Blue NITE™ Denitrification Solution
Excessive nutrients in wastewater discharge can lead to degradation of water quality by algal growth and dissolved oxygen depletion. Traditionally the Clean Water Act required wastewater plants to remove ammonia by converting it to nitrate / nitrite. Regulators are now issuing permits to address total nitrogen (TN) that require the removal of the nitrate / nitrite species.
To address these permit changes, nitrate / nitrite needs to be transformed into nitrogen gas by a process called denitrification. Blue NITE™ allows municipalities to meet permit levels for discharge of wastewater by lowering nitrate to less than 1 mg/L.
Blue NITE™ is currently installed at several locations world wide, lowering nitrate to less than 0.3 mg/L as N. Results from a combined denitrification and phosphorus removal installation are shown in the data sheet, achieving total nutrient reduction in the same vessel.
Blue NITE™ may also be used in series with a second Blue PRO® pass for total phosphorus concentrations <0.020 mg/L P>.
In projects using alternatives to methanol as the carbon source, Blue NITE™ has been shown to work with Micro-C™ and UniCarb™. This allows plants more choices for operation.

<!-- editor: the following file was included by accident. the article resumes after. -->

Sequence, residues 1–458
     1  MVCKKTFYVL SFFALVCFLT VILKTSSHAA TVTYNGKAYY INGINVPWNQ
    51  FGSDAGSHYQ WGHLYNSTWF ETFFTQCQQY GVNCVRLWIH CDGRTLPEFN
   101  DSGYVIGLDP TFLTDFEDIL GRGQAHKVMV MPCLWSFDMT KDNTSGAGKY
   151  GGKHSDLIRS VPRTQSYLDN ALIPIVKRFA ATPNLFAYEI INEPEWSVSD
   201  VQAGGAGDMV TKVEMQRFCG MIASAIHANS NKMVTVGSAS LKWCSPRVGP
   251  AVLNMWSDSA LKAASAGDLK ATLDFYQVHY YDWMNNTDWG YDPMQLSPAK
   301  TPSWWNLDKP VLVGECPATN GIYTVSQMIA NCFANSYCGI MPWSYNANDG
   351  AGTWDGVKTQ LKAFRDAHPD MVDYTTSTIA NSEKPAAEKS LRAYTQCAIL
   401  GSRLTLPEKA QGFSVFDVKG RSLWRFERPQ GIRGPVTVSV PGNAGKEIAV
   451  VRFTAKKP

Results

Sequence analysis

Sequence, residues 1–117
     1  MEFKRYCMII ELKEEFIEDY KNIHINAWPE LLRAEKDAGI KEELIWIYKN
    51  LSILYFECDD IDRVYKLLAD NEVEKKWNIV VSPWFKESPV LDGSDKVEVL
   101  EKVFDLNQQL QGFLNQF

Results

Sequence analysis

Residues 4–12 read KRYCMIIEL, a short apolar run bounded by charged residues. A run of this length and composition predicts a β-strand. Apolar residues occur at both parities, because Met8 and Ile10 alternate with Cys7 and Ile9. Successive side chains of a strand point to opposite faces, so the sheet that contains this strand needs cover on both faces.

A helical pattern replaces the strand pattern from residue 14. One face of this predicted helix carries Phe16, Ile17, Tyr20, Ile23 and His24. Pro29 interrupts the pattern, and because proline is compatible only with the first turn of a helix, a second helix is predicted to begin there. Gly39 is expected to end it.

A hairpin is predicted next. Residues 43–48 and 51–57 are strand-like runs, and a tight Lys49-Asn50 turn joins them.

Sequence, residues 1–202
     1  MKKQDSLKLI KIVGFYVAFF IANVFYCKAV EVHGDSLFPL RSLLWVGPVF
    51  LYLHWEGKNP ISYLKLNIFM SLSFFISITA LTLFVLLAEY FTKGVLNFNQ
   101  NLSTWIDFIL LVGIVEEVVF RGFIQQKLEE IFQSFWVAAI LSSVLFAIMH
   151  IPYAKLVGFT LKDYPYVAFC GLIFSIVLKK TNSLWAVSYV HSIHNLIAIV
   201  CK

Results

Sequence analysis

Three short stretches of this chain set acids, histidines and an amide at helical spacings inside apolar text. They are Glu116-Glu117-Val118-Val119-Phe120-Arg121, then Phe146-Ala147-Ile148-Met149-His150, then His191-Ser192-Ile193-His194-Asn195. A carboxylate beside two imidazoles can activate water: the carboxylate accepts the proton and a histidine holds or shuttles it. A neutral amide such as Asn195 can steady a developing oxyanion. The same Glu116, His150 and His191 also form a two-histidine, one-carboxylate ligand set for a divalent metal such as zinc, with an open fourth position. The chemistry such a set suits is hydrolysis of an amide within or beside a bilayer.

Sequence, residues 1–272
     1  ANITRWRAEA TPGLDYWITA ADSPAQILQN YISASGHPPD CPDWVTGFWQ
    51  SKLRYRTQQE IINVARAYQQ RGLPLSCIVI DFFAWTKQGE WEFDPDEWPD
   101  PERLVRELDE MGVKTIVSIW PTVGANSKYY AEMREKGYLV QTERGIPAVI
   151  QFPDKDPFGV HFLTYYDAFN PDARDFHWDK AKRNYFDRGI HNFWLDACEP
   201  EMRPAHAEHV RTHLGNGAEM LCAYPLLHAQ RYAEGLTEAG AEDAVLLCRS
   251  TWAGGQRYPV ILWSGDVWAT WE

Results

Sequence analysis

Blue NITE™ is able to accommodate high or fluctuating influent nitrate levels. The process applies to wastewater or groundwater applications. Hydraulic loading rates to Blue NITE™ filters are dependent on influent levels, dissolved oxygen (DO) levels, and temperature.
Blue Water’s Centra-flo™ Filter line is a well-established continuous backwashing, sand filtration system with more than 250 installations worldwide. The Blue NITE™ denitrification process is accomplished in a Centra-flo™ continuous backwash, upflow sand filter with a carbon source added to the influent water.
In the filter, fixed-film, heterotrophic, denitrifying bacteria convert nitrate to atmospheric nitrogen (N2). A portion of the bacteria laden sand is continuously lifted and passes through a built in sand washer. The washer separates solids and excess biomass, which are directed to a reject line. The clean sand then falls by gravity back to the media bed.
Nitrogen gas is produced during operation and becomes entrapped by the filter media. This gas is carried down with the sand and is released in the sand washer.
Some of the advantages of this method of gas removal include; no false readings of headloss, no backwashing is required, filters will not “burp” and upset if a significant nitrogen bubble accumulates, as typical in static bed filters.